I do love absorbing the differing football cultures when travelling on holiday and most of them have been witnessed in Eastern Europe. A chance not be be missed occurred for me in February with a trip to energise the all my senses in every footballing way possible, Kerala in southern India.
What made it even more interesting for me is the fans are proudly called the 'Yellow Army'
We all know that Carrow Road has been a bit flat this season and that some Norwich City fans are trying to encourage City scarves to be lifted high when singing 'On the ball City'. The Kerala fans take football atmosphere to a new level.
The Blasters, who play in the Indian Premier League, were named after India's most famous cricketer, Sachin Tendulkar, who is one of the owners and was nicknamed the 'Master Blaster'. They turn out in the Jewaharial Nehru Stadium which holds over 55,000 fans, a venue that is also used for cricket. Any fellow travellers to India will know about the challenging transport system. On match days, the already mega busy streets become gridlocked with fans heading for the ground.
English connections include their current Manager and ex England goalkeeper, David James. Ex England head coach Peter Taylor has also been in charge as has Steve Coppell.
Also on the City of Yellows Blog:
- Have the wheels come off?
I now have serious concerns. Not that we just don't look anything like a team capable of attacking the play-offs next season, worse than that, Norwich City have every chance of finishing lower than our neighbours down the road.
- Who is next in the hot seat down the road?
So, the pretty much inevitable has happened. Mick McCarthy and Terry Connor are leaving ITFC at the end of the 2017-18 season after five and a half years.
- The peculiar pleasures of mid-table mediocrity
13th...... 11th...... 9th...... 13th. No, this is not an article about our friends down the A140 (more on them later). These are the finishing places of Norwich City in Division Two (aka The Championship) during the second half of the 1960s.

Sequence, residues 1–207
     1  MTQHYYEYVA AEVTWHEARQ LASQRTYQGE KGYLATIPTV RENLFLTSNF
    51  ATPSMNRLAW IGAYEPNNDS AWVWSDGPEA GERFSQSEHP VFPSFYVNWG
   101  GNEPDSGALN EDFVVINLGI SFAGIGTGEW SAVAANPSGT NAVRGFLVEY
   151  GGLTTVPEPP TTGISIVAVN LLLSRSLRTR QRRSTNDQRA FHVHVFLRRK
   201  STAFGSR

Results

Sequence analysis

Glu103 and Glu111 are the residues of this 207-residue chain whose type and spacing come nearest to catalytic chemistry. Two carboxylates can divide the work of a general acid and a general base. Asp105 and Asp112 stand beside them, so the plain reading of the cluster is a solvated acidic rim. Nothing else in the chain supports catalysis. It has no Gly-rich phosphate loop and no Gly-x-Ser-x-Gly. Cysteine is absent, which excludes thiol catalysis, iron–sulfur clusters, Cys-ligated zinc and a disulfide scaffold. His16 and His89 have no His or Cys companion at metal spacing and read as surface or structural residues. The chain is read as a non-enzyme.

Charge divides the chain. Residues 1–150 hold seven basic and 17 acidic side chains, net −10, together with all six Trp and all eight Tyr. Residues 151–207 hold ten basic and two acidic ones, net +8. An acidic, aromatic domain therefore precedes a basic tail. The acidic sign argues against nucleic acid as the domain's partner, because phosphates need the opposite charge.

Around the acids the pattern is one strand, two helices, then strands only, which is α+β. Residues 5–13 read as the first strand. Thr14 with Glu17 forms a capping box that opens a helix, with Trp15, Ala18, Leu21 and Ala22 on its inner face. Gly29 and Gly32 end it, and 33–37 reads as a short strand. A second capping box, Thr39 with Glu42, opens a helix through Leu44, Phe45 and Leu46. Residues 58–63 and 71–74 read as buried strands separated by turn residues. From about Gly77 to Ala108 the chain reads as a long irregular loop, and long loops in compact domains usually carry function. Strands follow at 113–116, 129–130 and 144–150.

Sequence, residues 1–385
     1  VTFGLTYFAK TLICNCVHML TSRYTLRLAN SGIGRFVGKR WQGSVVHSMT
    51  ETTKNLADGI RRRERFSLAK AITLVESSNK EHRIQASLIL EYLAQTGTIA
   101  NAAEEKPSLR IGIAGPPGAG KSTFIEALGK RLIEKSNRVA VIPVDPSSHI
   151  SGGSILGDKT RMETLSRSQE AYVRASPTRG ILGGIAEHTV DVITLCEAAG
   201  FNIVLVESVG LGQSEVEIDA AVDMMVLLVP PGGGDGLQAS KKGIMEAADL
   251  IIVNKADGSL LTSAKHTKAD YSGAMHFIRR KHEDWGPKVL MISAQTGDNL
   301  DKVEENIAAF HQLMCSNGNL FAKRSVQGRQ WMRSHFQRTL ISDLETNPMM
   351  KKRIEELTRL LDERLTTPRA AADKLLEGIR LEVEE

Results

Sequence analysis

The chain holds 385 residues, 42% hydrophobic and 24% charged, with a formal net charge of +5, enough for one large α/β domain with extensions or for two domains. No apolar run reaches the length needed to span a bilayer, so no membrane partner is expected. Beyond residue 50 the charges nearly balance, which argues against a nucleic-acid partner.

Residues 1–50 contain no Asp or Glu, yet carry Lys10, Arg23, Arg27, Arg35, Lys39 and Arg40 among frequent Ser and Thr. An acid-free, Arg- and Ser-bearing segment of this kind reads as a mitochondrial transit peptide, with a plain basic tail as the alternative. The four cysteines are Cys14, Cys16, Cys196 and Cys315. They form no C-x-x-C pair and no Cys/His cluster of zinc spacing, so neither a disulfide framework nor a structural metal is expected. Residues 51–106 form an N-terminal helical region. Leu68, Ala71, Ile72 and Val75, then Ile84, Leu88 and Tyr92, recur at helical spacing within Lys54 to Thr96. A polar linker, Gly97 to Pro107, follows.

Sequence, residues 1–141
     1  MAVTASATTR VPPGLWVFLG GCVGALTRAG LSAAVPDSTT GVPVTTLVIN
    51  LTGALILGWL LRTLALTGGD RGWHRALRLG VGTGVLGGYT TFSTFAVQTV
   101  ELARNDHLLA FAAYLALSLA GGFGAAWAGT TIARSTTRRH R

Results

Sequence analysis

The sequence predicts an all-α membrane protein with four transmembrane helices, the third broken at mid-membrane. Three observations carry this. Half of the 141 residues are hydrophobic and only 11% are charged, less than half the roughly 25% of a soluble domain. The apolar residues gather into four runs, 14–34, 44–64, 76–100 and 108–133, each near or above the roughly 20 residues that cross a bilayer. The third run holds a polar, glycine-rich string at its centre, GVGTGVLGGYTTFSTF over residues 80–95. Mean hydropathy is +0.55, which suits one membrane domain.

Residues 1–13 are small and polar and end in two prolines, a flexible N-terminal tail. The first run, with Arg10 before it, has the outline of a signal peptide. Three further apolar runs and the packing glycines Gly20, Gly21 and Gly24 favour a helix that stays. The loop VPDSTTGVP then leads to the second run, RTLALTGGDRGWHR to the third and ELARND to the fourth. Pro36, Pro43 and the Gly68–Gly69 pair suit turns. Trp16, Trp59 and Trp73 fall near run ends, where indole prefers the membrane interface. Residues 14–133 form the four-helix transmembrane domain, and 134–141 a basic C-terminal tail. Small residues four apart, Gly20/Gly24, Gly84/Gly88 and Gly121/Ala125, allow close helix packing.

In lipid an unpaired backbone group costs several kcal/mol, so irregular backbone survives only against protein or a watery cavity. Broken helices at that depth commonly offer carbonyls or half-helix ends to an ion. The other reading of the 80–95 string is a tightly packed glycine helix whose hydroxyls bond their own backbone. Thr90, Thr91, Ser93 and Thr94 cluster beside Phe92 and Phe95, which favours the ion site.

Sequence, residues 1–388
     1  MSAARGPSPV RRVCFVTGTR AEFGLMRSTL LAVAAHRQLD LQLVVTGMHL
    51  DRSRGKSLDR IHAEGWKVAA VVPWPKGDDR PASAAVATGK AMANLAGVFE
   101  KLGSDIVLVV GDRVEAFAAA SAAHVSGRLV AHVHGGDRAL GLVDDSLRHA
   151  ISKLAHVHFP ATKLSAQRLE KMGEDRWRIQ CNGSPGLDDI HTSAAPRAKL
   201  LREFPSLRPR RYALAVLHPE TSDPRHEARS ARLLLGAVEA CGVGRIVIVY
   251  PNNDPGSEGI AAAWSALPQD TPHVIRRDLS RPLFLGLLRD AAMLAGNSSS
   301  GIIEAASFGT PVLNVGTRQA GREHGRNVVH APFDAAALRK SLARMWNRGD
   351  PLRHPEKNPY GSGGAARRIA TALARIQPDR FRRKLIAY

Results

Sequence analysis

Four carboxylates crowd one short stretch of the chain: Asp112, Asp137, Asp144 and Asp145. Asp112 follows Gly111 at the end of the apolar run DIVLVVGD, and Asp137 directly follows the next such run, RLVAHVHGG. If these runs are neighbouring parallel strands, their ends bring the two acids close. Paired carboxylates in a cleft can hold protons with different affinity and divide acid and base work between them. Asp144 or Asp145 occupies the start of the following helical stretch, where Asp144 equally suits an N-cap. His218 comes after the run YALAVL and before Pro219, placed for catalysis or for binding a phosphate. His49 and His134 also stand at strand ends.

Currently, English on field representation is with goalkeeper Paul Rachubka and defender Wes Brown. Past players include Michael Chopra, Iain Hume, Stephen Bywater and Aaron Hudges.
Ticket prices range between 200 and 500 rupees, bearing in mind I was getting about 88 rupees to the pound, you could say Indian footy is slightly better value than watching at Carrow Road!!!
The Kerala fans are based in the regional capital Kochi and create a sea of bright yellow when they hit the stadium to cheer on their team and it's difficult to match the enthusiasm displayed by the Kerala Blaster FC fans who are known as Manjappada or Yellow Army.
One fan was determined to form the fanatical group in 2014 when the club was formed. Taking ownership of the East Manjappada Stand, the group have cleaned it up, launched a mobile app which provides details about the Blasters along with a chants team to create new songs. The group are committed to wearing as much yellow as possible including scarves and around 150 flags are employed for each game. They definitely want to promote themselves as being the 12th man in the team.
My Indian holiday experience was brilliant from start to finish. The sights, the food and especially the people. They are welcoming, helpful and chilled even in the 31 degree heat and traffic. The Blasters are currently in mid table obscurity sitting sixth in the 10 team Indian Premier League table. Where have I heard that before?